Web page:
Published by K12 Handhelds, Inc.
Copyright © 2006 by K12 Handhelds, Inc. License CC-by,
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Geometry is a kind of math that studies the relationships between lines, shapes, and three-dimensional figures. Geometry is important to many jobs. Builders use geometry to figure out how much lumber and other material they need. Scientists use geometry to calculate formulas. People use geometry to figure out how much fencing to buy or how much paint they need to paint a room.
Two rays that have the same endpoint make an angle:
There are many kinds of angles. Angles sizes are measured in degrees (°). There are 360° in a full circle. We use a tool called a protractor to measure angles.
A right angle is 90°. It is a perfectly square corner like the corner of a piece of paper or the angle where two walls come together.
An acute angle is smaller than a right angle. It measures less than 90°.
An obtuse angle is larger than a right angle. It measures less than 90°.
A straight angle is made of two rays that make a straight line. It measures 180°.
We can use this information to estimate or guess the size of an angle. If an angle is smaller than a right angle, it must be less than 90°. It is larger than a right angle but less open than a straight line, it must be between 90° and 180°. If it is larger or more open than a straight line, then it must be larger than 180°.
Estimate the size of these angles:
Two angles that have measures that add to be 90° are called complementary angles. If you know the measure of one angle in a pair of complementary angles, you can figure out the measure of the other by subtracting from 90°.
Two angles that have measures that add to be 180° are called supplementary angles. If you know the measure of one angle in a pair of supplementary angles, you can figure out the measure of the other by subtracting from 180°.
If two angles have the same measure, they are congruent.
In this diagram, angles A and C are vertical angles. They have the same measure. Angles B and D are also vertical angles. They are congruent.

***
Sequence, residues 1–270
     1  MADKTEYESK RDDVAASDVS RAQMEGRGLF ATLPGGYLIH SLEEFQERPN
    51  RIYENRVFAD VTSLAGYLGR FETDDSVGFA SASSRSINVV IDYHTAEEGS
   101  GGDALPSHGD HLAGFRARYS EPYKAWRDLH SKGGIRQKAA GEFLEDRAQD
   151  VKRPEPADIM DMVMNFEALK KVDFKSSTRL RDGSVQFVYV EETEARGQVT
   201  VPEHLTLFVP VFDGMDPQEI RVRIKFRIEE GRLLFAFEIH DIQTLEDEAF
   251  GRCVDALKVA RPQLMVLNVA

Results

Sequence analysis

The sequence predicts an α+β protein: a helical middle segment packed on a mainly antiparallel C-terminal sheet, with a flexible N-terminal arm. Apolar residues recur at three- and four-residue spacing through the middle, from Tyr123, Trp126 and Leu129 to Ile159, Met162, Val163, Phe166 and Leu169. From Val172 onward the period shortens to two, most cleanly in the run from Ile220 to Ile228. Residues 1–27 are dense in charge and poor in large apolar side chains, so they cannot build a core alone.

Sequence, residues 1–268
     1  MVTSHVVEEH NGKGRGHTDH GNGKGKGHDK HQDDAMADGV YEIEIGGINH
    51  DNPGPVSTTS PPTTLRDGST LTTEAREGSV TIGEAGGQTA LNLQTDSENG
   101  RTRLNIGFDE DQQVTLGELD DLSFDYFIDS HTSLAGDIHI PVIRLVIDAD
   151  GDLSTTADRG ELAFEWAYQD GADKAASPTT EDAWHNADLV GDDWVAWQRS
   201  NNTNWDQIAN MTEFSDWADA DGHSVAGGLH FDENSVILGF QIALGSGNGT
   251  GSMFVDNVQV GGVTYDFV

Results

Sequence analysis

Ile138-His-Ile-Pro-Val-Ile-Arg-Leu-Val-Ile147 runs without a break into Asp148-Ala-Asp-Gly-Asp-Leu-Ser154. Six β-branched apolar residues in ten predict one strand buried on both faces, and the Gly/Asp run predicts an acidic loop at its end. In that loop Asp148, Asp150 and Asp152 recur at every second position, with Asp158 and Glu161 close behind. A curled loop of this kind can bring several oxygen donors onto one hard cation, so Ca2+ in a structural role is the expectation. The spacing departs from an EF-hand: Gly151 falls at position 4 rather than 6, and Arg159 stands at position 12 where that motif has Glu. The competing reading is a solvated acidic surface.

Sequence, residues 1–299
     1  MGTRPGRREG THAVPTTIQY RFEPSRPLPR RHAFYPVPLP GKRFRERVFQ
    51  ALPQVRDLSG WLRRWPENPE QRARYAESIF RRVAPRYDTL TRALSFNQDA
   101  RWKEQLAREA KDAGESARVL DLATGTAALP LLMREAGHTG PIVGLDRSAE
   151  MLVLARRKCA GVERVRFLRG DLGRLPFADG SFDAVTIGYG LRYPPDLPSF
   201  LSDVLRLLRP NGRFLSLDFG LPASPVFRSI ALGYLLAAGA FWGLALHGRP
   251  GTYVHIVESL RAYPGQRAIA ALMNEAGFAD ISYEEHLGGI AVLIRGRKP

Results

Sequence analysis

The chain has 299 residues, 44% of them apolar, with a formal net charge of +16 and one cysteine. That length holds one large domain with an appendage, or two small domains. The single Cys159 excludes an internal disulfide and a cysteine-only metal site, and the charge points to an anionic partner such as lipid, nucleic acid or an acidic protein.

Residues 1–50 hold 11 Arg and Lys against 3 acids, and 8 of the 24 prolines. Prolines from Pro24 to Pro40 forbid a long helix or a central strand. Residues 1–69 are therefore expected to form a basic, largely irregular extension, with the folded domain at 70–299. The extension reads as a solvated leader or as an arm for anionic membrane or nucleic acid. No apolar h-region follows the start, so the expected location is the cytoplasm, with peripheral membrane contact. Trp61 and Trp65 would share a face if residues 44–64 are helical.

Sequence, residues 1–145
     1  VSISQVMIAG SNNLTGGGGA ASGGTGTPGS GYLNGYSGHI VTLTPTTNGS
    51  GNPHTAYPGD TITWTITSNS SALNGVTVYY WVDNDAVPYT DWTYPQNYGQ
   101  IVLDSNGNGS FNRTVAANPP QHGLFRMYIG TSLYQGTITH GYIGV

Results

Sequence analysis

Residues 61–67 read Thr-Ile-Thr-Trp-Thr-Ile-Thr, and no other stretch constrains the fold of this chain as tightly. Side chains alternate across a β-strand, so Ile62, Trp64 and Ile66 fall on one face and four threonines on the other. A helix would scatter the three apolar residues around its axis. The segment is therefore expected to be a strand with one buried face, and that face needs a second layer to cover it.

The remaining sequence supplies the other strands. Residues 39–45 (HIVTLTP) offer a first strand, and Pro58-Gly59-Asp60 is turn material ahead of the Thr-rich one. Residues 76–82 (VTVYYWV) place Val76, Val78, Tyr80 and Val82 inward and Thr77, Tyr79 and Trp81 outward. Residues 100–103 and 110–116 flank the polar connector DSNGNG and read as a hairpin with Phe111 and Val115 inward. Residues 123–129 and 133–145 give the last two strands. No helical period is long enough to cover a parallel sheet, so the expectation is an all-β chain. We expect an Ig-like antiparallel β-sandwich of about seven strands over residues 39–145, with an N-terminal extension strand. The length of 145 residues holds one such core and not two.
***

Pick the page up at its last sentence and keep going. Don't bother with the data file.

There are four pairs of angles in this that are the same size. They are called corresponding angles.
Alternate angles also have the same size.
Here is a trick to help you remember this. If a line crosses two parallel lines, all the resulting angles will be one of two sizes. And the supplementary angles (above or below the parallel lines) will always add to 180°. Knowing this, you should be able to figure out how big all the angles are if you are given just one!
Now, let’s practice. Give the size of the angle marked.
A transformation is a change in a shape, or a way of mapping the shape onto another space. Examples of transformations are slides, flips, and turns.
A translation, or slide, is moving a shape along a line. The shape is scooted over, like you’d slide a plate from one person to another. Here is an example of a translation:
A reflection, or flip, is a way of moving a shape across a line, producing a mirror image. It is like flipping a pancake. Here is an example of a reflection:
A rotation, or turn, s the turning or spinning a shape. It is like a person doing a cartwheel. Here is an example of a rotation:
A dilation is making a shape bigger or smaller. The shape stays the same, it is just blown up larger or shrunk down smaller.
Shapes that are congruent have the exact same shape and size. They could be slid, flipped, or turned and would then be exactly the same. These are examples of congruent shapes:
Shapes that are similar have the same shape, but may be different sizes. These are examples of similar shapes:
Now you can practice identifying transformations.
alternate angles – two congruent angles on the opposite side of a transversal that border different parallel lines
angle – a figure formed from two rays extending from the same point
bisect – to divide into two equal parts
complementary angles – two angles that add up to 90°
congruent – having the same shape and same size
corresponding angles – two congruent angles on the same side of a transversal that border different parallel lines
dilation – an enlargement or reduction of a figure
geometry – a field of math that studies the relationships between lines, shapes, and three-dimensional figures
opposite angles – two angles that don’t touch each other and are formed by crossing lines; also called vertical angles
parallel – lines that are exactly the same distance apart and would never meet
perpendicular – at a right angle; at 90° to something
ray – a line extending indefinitely from a single point
reflection – a flip of a figure; a movement of a figure across a line, producing a mirror image
rotation – turn; the turning of a figure
supplementary angles – two angles that add up to 180°
transformation – a change in a shape, or a way of mapping the shape onto another space; examples: translation, reflection, rotation
translation – slide; to move a figure along a line
transversal – a line that divides two parallel lines
vertical angles – two angles that don’t touch each other and are formed by crossing lines; also called opposite angles